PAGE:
Seb: fwiw, my (unspoken) response to the person I cited was: gee, your sexual preferences must be a lot more malleable than mine. And I think they really were -- that one person, at least, really did claim to have decided to become gay, and nothing about her even remotely suggested either that she was kidding herself about this, or that she wasn't having a wonderful and very sexual time in the long-term relationship she had been in for some years when I knew her. -- I mean, I can imagine some hypothetical person saying that she had decided to become a lesbian, and my thinking either: I guess you weren't really straight, or: I guess you're just sort of making yourself be/act gay. This particular person, however, just did nothing at all to make either response seem the teensiest bit appropriate.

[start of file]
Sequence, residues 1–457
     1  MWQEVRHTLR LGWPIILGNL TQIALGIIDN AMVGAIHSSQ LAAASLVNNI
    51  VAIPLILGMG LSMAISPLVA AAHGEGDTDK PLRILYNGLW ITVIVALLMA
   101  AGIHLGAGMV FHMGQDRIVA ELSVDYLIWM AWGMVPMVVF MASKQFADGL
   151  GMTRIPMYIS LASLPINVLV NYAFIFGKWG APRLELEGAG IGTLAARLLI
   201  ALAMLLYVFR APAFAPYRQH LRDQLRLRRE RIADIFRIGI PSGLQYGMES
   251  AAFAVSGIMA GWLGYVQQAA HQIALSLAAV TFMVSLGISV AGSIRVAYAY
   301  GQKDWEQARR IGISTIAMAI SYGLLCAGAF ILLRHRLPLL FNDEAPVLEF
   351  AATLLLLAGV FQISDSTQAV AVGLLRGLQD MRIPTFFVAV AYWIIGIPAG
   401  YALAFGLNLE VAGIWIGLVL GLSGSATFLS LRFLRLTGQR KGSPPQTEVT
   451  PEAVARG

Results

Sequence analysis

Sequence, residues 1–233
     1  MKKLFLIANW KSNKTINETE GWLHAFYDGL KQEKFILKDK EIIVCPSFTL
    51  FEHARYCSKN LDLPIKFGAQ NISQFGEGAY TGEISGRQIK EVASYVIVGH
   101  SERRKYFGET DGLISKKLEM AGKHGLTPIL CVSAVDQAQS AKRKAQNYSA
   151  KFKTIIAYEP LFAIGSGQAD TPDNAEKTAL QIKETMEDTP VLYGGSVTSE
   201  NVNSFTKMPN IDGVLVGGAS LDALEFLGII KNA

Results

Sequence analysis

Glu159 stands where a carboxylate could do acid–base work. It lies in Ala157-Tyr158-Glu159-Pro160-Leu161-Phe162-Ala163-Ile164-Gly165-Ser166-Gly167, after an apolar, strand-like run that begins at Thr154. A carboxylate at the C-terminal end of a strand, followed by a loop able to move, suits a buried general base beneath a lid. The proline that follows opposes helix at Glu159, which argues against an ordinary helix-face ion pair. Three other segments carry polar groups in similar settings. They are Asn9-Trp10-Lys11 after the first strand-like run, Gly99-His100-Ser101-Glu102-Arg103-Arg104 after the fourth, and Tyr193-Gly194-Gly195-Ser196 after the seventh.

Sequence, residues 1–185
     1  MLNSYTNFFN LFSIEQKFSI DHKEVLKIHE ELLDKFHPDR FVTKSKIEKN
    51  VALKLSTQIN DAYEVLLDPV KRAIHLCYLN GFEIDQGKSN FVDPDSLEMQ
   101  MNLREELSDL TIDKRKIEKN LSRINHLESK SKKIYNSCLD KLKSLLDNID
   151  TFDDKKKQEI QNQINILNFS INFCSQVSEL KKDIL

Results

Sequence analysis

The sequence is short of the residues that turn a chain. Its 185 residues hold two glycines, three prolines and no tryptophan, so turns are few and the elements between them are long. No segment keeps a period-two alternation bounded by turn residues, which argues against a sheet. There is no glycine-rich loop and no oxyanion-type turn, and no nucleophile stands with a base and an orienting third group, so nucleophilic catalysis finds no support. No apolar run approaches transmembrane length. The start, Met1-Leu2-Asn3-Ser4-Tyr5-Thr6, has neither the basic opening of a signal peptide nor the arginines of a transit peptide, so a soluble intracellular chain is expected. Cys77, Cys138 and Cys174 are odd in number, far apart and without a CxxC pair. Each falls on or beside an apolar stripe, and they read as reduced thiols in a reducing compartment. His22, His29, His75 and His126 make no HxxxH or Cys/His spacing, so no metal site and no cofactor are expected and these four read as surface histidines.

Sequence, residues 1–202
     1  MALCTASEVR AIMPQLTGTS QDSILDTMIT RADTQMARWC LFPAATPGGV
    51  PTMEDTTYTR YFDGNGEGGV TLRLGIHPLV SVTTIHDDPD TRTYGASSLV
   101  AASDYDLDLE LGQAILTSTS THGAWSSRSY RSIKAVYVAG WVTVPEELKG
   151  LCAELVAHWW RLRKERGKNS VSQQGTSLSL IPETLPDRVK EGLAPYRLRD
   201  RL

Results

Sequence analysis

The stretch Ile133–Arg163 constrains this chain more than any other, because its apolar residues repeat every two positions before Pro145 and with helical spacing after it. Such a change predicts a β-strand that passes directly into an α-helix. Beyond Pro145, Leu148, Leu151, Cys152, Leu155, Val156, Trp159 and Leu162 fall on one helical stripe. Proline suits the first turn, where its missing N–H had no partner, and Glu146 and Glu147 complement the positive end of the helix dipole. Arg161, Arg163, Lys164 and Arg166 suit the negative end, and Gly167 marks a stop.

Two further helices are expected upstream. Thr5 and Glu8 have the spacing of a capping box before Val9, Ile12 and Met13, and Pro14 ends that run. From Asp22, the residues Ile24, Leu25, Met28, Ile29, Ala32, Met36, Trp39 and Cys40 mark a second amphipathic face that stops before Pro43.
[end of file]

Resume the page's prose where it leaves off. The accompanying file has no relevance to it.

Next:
"Engaging in the political reality dampens extremism"

Ah. Perhaps you should explain this to the German Nazi Party of the 1930s, the Italian Fascist Party of the same, the Spanish Royalists of Franco, the banned Kach Party of Israel, the Beitenu Party of Israel, the American Revolutionary Communist Party of the Seventies and later, Lyndon LaRouche, the British National Party, Hezbollah, Hamas, Mao's Communist Party, and Lenin's same, and a variety of parties and factions in Iraq today.

In other words, I find this is often not the case, but rather simply a nice thought. It's pretty much only the case with not-very-extremists.

(I resist the mild urge to mutter about American's Libertarian Party.)